Eli Lilly settles drug cancer case, other suits likely to follow

During these unprecedented times, Clark, Perdue, & List Co, LPA is here to fully support your needs in a timely and safe manner. COVID-19 should not affect your ability to investigate a personal injury case. We currently remain open and are still accepting new cases. With your safety top of mind, we are scheduling all meetings via telephone or video conference at this time.

Products liability cases involving dangerous drugs are continuing to provide financial relief for victims throughout the nation. In one of the most recent cases, four sisters successfully sued Eli Lilly by arguing that their breast cancer was a result of a pregnancy drug their mother consumed during the 1950s. Advocates for the cause say the suit could prove beneficial for scores of other women throughout the country who believe their cancer was caused by the hazardous prescription.

The target drug in this case is a synthetic estrogen product known as DES. That drug was prescribed to women in previous decades to prevent miscarriages and premature births. Subsequent studies in the 1970s caused the drug to be removed from the market because it was linked to a rare form of vaginal cancer. Other studies revealed that the drug did not stop the miscarriages it was designed to prevent.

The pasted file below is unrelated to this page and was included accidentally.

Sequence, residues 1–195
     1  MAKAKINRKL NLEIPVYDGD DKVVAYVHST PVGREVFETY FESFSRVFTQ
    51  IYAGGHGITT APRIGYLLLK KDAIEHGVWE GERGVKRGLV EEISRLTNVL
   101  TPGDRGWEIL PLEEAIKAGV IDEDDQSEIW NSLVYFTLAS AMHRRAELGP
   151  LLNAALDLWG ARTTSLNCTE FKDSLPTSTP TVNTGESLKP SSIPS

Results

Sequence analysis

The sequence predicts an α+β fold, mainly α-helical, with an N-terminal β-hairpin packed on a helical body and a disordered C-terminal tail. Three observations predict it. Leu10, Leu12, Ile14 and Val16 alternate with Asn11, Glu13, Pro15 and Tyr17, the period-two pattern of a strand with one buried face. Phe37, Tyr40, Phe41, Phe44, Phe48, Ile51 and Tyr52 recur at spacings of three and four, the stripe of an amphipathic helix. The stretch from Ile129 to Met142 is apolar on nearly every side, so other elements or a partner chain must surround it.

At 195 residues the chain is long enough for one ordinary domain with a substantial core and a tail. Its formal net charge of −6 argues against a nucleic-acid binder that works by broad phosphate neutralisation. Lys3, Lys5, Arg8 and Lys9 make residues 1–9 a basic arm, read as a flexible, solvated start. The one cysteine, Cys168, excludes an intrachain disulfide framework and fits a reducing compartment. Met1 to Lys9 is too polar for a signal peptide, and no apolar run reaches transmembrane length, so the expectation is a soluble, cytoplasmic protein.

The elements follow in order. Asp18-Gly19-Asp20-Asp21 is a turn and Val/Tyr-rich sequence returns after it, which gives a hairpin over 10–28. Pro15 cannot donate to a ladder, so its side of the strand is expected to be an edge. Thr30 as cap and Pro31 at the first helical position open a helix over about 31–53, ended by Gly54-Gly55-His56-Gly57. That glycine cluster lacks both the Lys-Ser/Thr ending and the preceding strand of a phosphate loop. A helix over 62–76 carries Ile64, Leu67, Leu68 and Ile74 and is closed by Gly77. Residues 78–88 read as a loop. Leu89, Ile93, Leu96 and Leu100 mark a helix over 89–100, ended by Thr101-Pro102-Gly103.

A total of 51 women have so far filed suits in Boston against several of the companies that produced and marketed the drug more than 60 years ago. The four sisters’ case was the first scheduled to proceed to trial, but Eli Lilly opted to settle before the proceedings went that far. The four women developed breast cancer in their late 40s; their younger sister, who had not been exposed to DES, never developed the disease.

Even though Lilly settled the claim, lawyers for the company claim that many firms produced the drug during that era. Medical records also do not show that the sisters’ mother was prescribed DES, despite their assertions to the contrary. Attorneys for the women say that even though the company maintains its innocence, the firm realized that it was unlikely to win a jury trial in connection with the case. They report that they had amassed a significant amount of evidence against Lilly that would have prevented the company from winning the suit.

Source: My Fox NY, “Eli Lilly settles Mass. pregnancy drug-cancer case,” Denise Lavoie, Jan. 10, 2013.